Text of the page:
DECATUR, Ill. – Several non-native species of honeysuckle are an invasive threat to native biodiversity. With leaves that appear before and drop after many other flowers and trees, bush honeysuckle will block sunlight so that other native species can’t grow. This also makes it easy to identify for control efforts. University of Illinois Extension, in collaboration with Decatur Park District and Community Environmental Council, are hosting a removal day for volunteers to clear honeysuckle from Fairview Park.
“Bush honeysuckle refers to multiple shrub-like honeysuckle species that will establish quickly with seed spread by birds,” says Extension Horticulture Educator Sarah Vogel. “Though these plants were once touted for landscape use, we are now seeing dense thickets out-compete native species in our forested areas.”
Honeysuckle Sweep will be from 9 to 11 a.m. on November 7 at Fairview Park, 2095 West Eldorado St., Decatur, Ill. In case of rain, the event will be on November 14 at the same time and location. Register by November 3 at go.illinois.edu/honeysuckle. Meet in the pool parking lot. Please bring your own gloves, loppers, and pruners. For more information, please contact Sarah Vogel, Extension horticulture educator, at email@example.com or call 217-877-6042.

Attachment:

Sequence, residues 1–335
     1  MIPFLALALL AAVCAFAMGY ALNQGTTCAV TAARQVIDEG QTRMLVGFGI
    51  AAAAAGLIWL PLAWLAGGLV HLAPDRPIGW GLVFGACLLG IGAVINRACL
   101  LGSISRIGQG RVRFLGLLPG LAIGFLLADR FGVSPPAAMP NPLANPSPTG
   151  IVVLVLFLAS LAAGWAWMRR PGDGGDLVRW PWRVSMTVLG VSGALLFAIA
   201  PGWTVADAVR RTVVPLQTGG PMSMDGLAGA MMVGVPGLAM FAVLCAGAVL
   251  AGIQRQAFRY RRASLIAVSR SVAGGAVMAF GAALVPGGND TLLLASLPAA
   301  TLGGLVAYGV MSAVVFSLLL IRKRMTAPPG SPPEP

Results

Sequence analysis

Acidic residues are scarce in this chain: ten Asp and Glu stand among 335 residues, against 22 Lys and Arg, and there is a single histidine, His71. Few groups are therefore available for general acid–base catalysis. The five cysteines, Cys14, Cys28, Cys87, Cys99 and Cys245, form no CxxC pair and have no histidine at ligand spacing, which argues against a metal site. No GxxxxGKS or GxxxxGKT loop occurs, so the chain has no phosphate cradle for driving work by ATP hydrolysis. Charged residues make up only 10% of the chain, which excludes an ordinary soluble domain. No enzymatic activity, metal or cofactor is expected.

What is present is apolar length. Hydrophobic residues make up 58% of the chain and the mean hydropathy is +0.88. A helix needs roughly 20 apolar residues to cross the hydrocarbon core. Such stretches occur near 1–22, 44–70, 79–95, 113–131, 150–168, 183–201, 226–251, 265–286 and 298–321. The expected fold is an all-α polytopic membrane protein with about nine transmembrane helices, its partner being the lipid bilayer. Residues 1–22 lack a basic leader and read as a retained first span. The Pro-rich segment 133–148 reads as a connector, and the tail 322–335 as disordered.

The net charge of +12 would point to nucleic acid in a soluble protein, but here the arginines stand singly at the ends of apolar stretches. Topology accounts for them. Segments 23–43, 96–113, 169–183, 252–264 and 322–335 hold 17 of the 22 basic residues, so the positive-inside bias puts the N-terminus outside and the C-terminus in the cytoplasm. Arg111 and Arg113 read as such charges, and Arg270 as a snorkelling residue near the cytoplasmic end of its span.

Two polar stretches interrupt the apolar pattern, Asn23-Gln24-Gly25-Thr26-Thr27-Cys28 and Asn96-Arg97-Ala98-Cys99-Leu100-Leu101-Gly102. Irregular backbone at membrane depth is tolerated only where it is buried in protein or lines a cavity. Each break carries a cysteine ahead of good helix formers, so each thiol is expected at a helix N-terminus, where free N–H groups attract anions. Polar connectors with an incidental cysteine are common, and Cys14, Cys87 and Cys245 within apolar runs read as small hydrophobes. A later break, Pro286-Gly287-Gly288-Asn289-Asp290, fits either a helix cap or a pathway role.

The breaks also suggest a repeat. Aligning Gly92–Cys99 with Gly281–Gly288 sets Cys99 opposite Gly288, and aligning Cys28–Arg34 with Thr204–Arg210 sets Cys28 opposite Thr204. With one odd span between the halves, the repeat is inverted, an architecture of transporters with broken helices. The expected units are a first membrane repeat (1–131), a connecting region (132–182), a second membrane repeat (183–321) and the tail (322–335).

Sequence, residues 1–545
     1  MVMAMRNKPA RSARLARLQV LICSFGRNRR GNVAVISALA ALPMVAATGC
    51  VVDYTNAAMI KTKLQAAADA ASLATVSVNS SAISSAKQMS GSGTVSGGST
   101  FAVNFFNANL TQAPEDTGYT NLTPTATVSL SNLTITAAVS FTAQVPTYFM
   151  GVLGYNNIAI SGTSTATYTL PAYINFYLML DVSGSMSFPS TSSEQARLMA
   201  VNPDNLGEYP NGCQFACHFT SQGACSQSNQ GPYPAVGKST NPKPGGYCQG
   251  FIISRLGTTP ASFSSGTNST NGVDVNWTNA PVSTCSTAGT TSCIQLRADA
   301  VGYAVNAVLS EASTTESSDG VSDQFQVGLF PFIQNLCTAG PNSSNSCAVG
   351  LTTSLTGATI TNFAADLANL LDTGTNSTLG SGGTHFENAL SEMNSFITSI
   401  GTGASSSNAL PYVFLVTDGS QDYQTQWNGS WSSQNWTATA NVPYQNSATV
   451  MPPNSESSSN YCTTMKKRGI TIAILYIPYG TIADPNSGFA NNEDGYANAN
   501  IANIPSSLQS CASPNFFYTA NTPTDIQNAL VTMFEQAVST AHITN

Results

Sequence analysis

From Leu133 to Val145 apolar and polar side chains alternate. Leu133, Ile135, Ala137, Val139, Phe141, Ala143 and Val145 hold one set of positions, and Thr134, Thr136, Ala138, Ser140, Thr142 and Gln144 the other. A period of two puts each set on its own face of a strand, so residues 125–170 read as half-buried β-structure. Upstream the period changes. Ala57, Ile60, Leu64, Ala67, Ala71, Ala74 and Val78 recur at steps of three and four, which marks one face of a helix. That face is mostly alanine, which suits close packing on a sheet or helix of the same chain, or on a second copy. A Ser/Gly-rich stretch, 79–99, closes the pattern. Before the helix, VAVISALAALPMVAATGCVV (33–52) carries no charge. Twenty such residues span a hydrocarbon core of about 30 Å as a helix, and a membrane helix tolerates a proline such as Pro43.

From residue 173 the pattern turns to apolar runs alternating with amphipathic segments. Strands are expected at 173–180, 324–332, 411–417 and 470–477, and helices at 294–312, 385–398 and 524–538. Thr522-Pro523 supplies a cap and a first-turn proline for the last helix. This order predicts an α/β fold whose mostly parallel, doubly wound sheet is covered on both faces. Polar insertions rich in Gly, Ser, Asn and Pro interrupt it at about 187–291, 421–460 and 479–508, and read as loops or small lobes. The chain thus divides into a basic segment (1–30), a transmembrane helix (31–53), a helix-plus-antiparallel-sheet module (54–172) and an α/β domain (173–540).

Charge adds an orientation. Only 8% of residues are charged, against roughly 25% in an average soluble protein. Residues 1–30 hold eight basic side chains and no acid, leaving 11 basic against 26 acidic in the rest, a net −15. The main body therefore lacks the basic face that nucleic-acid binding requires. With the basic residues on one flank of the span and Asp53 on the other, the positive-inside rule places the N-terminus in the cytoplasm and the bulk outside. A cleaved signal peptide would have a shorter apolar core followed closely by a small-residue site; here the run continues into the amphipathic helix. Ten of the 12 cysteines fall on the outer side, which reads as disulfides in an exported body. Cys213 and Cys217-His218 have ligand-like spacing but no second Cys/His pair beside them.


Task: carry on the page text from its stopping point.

The horticulture program is a branch of University of Illinois Extension that provides research-based information and training about soil testing, tree health, lawn care, pest identification and control, vegetable gardening, and more. The horticulture program also provides Master Gardener training. Find DeWitt, Macon, and Piatt Extension Master Gardeners and Horticulture on Facebook.
University of Illinois Extension provides equal opportunities in programs and employment. If you need a reasonable accommodation to participate in this program, please contact 217-877-6042. Early requests are strongly encouraged to allow sufficient time for meeting your access needs.
Source: Sarah Vogel, Extension Horticulture Educator, University of Illinois Extension
Writer: Laura Crider, Marketing and Communications, University of Illinois Extension
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